■ Rusty Strait / Senior Reporter
The re-opened criminal investigation into the death of Anthony Norman has been completed, and no criminal charges against Charles “Rob” Webb, Hemet’s deputy chief of police, will be filed by the Riverside County District Attorney’s office, according to Murrieta police.
“The case was reopened at the request of a family member of Anthony Norman in October of 2016. The previous evidence was re-reviewed as part of this process. The re-investigation not only included the examination of the sworn depositions from 2015 of the Murrieta police officers involved in the case, but also the sworn deposition of the forensic pathologist who conducted the autopsy,” said Capt. Dennis Vrooman of the Murrieta Police Department, in a written statement.
The forensic pathologist determined that several factors contributed to Anthony Norman’s cause of death.
“The entire case was then formally presented to the Riverside County District Attorney’s Office. They concluded there was no evidence to support anyone was criminally responsible for Anthony Norman’s death,” said Vrooman. “On February 3, 2017, a letter was sent to Anthony Norman’s family with a detailed explanation of the facts discovered in this case, and the subsequent decision by the District Attorney’s Office.”
Meanwhile, it appears the city of Hemet has settled with the family of Norman, who filed a wrongful death suit against Hemet Deputy Police Chief Rob Webb and his neighbor, Michael Darragh, whose actions early Christmas morning 2012 led to Norman’s death following a scuffle outside their Murrieta homes.
Hemet has spent nearly $400,000 in legal fees defending Webb, who became involved in the case when he was called upon to help his neighbor, Darragh, subdue Norman, who died after the two men wrestled Norman to the ground.
While the amount of the settlement the city agreed to in order to stem the hemorrhaging of taxpayer-funded legal fees hasn’t yet been disclosed, it appears Webb may be off the hook with respect to any future liability. Darragh, on the other hand, isn’t so lucky.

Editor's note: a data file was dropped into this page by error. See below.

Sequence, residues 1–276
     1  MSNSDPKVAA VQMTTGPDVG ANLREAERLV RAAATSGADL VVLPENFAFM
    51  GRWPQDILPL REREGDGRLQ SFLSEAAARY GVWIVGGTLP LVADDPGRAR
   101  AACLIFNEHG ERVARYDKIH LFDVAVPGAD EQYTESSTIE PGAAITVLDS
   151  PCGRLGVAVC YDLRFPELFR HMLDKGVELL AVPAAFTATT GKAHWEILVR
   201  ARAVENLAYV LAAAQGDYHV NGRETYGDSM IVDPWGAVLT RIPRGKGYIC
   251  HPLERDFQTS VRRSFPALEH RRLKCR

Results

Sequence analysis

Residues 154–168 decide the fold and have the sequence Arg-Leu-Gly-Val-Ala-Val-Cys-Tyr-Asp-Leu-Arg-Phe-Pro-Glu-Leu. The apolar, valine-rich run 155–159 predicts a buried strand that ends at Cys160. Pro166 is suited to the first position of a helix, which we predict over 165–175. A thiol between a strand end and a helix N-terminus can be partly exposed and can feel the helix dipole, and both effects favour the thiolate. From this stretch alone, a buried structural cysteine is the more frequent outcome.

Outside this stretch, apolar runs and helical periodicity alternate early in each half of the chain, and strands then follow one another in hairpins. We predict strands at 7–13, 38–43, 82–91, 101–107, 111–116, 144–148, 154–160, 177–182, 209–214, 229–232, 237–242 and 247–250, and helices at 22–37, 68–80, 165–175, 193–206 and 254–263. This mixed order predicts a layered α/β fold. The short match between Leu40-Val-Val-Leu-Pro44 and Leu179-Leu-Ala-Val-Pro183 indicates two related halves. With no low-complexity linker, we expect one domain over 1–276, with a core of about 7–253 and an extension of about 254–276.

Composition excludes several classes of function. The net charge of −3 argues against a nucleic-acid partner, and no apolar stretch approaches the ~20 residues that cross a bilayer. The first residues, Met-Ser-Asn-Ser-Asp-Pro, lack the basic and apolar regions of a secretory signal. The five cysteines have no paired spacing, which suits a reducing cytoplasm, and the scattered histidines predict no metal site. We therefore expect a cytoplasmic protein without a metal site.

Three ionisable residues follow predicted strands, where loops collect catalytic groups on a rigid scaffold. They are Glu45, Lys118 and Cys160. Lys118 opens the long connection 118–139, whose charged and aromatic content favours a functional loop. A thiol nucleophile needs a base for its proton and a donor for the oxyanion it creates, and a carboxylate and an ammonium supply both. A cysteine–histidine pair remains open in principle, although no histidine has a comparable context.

“The trial is set to continue in July against Darragh,” said attorney John Messina of Murrieta, who is representing Norman’s family in the wrongful death suit.
Darragh allegedly came out of his house shortly after midnight armed with a survival knife and heavy-duty flashlight, which he used to club Norman nearly a dozen times, according to court records. Darragh says he was first hit in the head by Norman, who was wielding a pool cue. It’s unclear what Norman was doing early in the morning when he knocked on neighborhood doors, including at Darragh’s house, but it appears he was experiencing a psychological episode characterized by delusions and was asking for help. Norman was developmentally disabled and had the mental capacity of a 12-year-old. He also had been smoking marijuana, toxicology tests later revealed. No other drugs were found in his system, according to Messina.
Eric Vail, partner at Burke, Williams & Sorensen LLP, who acts as the city attorney for Hemet, declined to comment. Vail directed comments to City Manager Alex Meyerhoff, who also declined to comment.